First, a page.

Drug program suspended after scandal - wave3.com-Louisville News, Weather & Sports

Drug program suspended after scandal

A drug rehab program riddled by scandal was shutdown. A drug rehab program riddled by scandal was shutdown.
Nicole Snelling Nicole Snelling
Attorney Mike Augustus Attorney Mike Augustus
Attorney Larry Wilder Attorney Larry Wilder
Bridget Snelling-Grow Bridget Snelling-Grow

CLARK COUNTY, IN (WAVE)– A drug rehabprogram riddled by scandal was shutdown, but beyond claims that some peoplewere left in jail for months without any rights are those that say the programsaved their lives.

Nicole Snelling was addicted to heroin.

"I was really bad off my life was totally unmanageable," she said.

[PREVIOUS STORY:MoreClarkCounty inmates held over sentence]

She's now sober and has had a steady job thanks to a drug program at theClark County Courthouse.

"It's helped me a whole lot, it's actually saved my life," sheexplained.

But now the same drug court that helped her has been suspended by the stateafter claims of people wrongfully kept in jail.

[PREVIOUS STORY: Anotherdrugcourt inmate released after being held over]

"They would end up spending four or five more months in jail withoutthe right to an attorney, without knowing why they're in there, without anyevidence being presented against them," Attorney Mike Augustus said.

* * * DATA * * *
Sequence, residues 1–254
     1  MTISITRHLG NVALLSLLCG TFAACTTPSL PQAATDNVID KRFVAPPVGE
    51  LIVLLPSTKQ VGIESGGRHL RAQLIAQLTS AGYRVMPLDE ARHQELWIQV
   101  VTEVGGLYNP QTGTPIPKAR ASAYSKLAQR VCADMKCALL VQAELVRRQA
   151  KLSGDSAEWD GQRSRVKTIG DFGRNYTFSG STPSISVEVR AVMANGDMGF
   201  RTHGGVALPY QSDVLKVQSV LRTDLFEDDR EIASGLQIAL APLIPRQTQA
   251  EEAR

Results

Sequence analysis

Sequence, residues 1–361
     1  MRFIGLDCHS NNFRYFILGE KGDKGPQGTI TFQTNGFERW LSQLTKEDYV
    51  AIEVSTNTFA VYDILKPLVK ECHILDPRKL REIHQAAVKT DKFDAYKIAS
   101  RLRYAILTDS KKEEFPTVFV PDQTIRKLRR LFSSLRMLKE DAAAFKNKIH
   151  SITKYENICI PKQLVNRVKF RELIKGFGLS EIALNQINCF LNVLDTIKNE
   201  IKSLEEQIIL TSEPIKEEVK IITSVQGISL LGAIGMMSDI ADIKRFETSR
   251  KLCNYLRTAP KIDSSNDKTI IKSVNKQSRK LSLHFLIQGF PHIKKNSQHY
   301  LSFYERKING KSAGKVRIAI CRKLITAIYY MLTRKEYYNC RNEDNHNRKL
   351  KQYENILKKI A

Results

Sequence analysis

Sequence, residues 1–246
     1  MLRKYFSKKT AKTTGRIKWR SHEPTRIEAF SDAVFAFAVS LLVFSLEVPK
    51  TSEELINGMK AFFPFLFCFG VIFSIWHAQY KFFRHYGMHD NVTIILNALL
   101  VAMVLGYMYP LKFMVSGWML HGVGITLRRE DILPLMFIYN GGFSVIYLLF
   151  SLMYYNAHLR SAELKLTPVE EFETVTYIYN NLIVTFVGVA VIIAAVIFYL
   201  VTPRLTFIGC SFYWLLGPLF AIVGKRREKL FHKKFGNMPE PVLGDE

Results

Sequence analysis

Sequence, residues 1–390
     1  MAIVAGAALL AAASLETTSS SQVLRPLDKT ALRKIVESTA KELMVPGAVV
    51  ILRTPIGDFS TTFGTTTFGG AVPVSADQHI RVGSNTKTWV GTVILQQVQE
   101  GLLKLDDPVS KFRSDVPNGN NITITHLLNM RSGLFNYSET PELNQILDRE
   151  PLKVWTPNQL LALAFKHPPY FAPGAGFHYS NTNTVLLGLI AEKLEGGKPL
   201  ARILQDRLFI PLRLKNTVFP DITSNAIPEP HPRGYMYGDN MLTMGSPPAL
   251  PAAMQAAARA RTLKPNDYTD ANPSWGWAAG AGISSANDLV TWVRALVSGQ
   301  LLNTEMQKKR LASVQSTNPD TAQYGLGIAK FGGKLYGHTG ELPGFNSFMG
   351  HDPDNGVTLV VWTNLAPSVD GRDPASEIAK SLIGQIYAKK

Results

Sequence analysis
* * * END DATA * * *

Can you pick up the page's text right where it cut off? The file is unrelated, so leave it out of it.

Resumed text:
A class action lawsuit filed Tuesday blamed Judge Jerry Jacobi for allowingcases to fall through the system.

"It's just unconstitutional and completely absurd in this day in agefor things like that to happen," Augustus said.

[PREVIOUS STORY: Clark Countyjudge fires drug program chief]

But the Jacobi's Attorney Larry Wilder said it was Jacobi who initiated theinvestigation.

"When the investigation began, that was his goal, to find out what wasgoing on with his team and try to fix the team," Wilder said.

The program suspension is bad news to Snelling. She wishes others couldstill get the same help she did.

"It makes me sad because I feel like this program, they actually docare about us," she said.

Her mother, Bridget Snelling-Grow also doesn't want to see it go despite theclaims.

"They might have made some mistakes but they've helped a lot of peopleas well," she said.

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